In 1943, in the Russian front, the decorated leader Rolf Steiner is promoted to Sergeant after another successful mission. Meanwhile the upper-class and arrogant Prussian Captain Hauptmann ... See full summary »
During the last winter of the Civil War, cavalry officer Amos Dundee leads a contentious troop of Army regulars, Confederate prisoners and scouts on an expedition into Mexico to destroy a ... See full summary »
In the Wild Bunch the movie opens with a group of aging outlaw's final score, a bank robbery. The event concludes with a violent and overtly bloody shootout that would generally mark the finale of a movie. This is correct in that it marks the finale of an era, for the characters and the world they live in. They simply can no longer keep up, the times are changing, technology advancing, and they're style of life is getting left behind in the dust that they spent so long galloping through. They abandon their careers for the simpler life of retirement. They enjoy this time, they live their fantasies. During this time the law is always on their tracks, bounty hunters. The further into their fantasy they get, the closer their demise seems to get. When one of their own is captured they are faced with the choice of escape or what is certainly a suicide mission to attempt and free their fallen behind comrade. For them it is not a choice. They all die in what can only be described as a ... Written by
Excluding the start and end credits, this film contains about 2,721 edits in about 138 minutes of action. This equates to an average shot length of three seconds. The "Shootout at Bloody Porch" contains about 325 edits in five minutes of action, for an average shot length slightly under one second. See more »
When Lyle and Tector are shooting at the wine casks, the slide on Lyle's gun is locked indicating the gun is empty. However, shots are still heard. In the 1995 re-release version this has been corrected. Only one shot is heard after the slide locks on Lyle's .45, and that shot comes from Tector's revolver. See more »
Do not drink wine or strong drink, thou, nor thy sons with thee, least ye shall die. Look not though upon the wine when it is red, and when it bringeth his color in the cup, when it moveth itself aright at the last, it biteth like a serpent and stingeth like an adder. Now folks, that's from the Good Book, but in this here town it's five cents a glass. Five cents a glass, now does anyone think that that is a price of a drink?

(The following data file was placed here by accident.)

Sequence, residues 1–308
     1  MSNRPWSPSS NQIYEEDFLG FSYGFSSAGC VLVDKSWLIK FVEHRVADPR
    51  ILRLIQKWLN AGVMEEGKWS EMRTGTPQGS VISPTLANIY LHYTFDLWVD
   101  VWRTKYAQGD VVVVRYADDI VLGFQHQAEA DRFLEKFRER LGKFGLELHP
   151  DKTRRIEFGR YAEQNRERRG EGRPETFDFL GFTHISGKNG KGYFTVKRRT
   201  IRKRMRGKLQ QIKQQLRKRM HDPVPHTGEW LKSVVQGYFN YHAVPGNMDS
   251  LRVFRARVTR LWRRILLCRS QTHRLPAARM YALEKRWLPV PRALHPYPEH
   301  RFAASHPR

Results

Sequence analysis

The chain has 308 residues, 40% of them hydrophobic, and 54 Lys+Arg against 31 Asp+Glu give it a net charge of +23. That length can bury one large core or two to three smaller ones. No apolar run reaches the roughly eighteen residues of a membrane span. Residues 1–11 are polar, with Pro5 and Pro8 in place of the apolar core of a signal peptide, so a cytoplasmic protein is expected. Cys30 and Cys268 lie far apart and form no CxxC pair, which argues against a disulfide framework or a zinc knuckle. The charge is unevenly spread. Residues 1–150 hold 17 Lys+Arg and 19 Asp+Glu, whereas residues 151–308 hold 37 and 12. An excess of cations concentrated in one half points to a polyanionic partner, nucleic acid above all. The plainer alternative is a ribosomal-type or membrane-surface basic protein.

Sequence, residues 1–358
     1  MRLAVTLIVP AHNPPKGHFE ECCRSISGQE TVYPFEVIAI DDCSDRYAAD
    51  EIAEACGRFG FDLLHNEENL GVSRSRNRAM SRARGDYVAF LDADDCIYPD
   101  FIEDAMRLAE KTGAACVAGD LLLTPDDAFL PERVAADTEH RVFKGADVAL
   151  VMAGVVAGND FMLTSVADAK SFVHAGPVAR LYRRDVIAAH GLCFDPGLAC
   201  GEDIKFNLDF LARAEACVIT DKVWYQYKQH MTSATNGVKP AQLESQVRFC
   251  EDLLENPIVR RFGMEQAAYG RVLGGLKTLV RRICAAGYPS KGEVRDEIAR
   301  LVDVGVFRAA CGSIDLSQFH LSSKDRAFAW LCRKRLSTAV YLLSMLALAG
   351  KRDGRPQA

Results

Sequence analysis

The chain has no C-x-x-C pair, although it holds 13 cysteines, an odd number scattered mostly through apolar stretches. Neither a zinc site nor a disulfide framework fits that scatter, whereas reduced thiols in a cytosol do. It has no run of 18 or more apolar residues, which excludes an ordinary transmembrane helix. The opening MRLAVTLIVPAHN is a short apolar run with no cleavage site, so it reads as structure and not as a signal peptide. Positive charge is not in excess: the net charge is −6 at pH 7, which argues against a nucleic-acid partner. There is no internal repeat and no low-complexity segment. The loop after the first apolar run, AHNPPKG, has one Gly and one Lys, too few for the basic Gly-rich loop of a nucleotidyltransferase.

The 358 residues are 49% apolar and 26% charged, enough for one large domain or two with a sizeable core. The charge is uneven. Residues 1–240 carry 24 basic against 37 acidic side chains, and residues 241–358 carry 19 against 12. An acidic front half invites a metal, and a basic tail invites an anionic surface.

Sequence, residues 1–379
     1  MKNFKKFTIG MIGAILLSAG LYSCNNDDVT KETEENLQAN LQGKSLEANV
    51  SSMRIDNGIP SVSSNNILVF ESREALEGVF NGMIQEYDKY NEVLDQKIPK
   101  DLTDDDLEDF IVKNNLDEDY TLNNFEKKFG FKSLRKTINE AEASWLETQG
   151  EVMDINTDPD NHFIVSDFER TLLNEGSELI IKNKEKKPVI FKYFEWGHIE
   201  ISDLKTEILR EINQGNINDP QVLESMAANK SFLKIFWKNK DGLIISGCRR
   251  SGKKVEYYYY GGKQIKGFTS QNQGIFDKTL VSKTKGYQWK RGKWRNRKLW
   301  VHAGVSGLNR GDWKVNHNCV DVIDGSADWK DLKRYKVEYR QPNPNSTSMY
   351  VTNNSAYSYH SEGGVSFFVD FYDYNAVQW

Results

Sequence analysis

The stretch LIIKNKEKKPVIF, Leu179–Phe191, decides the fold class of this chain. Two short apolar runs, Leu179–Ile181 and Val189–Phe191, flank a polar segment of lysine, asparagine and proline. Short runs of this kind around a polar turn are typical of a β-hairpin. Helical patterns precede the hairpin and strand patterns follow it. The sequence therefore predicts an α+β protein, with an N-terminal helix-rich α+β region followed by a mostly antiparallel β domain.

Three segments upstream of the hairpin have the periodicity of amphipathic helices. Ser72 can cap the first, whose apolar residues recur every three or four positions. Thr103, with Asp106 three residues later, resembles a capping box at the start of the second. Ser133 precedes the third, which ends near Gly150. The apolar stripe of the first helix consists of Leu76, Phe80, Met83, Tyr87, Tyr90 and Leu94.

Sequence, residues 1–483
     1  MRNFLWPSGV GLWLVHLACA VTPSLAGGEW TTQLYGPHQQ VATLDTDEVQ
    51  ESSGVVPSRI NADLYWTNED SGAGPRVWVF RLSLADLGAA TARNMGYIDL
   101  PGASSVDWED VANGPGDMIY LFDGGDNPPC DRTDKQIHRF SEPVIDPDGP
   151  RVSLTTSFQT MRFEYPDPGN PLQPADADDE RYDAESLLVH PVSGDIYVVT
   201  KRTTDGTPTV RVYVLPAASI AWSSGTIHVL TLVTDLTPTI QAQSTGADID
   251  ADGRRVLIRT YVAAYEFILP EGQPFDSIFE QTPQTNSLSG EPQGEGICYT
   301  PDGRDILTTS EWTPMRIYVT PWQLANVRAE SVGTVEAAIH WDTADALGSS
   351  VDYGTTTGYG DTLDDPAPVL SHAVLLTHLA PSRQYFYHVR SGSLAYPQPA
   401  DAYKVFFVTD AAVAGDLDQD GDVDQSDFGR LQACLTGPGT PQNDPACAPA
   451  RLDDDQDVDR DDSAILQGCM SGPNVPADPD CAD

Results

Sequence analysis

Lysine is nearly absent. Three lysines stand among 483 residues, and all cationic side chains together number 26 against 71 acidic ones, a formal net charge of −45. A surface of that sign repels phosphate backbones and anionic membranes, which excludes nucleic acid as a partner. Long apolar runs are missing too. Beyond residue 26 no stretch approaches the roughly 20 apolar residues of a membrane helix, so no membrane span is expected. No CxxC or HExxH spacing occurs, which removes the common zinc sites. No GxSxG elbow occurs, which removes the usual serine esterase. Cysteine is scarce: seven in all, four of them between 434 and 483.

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Peckinpah has a rep and this is the film which provided most of it. I had the privilege of actually seeing this on the big screen once, in the late seventies. As the beginning credits end, Pike (Holden) tells his bunch "If they move, Kill 'em!" Then Peckinpah's credit appears. A woman seated behind me gasped, whispering "oh, no..." Oh, my. It sounded like the lady didn't know she'd wandered into a Peckinpah film and she knew what she was in for. When you enter Peckinpah-land, you need to be prepared. There are no punches pulled, no sidestepping the unpleasant aspects of life. Peckinpah's characters are tough men; I mean, really tough, not phony-Hollywood tough. In this case, they are coarsened by what seems to be years on the trail, blasted by the sun, snapped at by rattlesnakes, and harassed by bandits. And at this point, they've pretty much had it.
Not that they're complaining, mind you. They've lived their lives how they saw fit, this bunch, and they make no apologies for any of it. I believe the actual year is around 1913, just before World War I begins. Most of the action takes place in Mexico, where the Bunch becomes involved with a local general (Fernandez) with the usual delusions of grandeur. If you go by the name of the character Angel, the general can be viewed as a version of the devil. That would make the Bunch avenging angels at the end. But heroes? No, not at all. They have their own code, they know instinctively they're stronger together than on each own, but they reason this concept out also - Peckinpah wants to make sure it's clear these are not unthinking savages. They're just men, who've reached a point in history where they must make a crucial turn. History, it seems, has no real use for them anymore. It's quite simple
they either fade slowly or go out quickly. In a film such as this,
with its now insurmountable rep, you tend to wait for those big set pieces, especially the climactic battle. Wait for it, wait for it... here it is. Bam! - you're in Peckinpah territory. You're a part of history.
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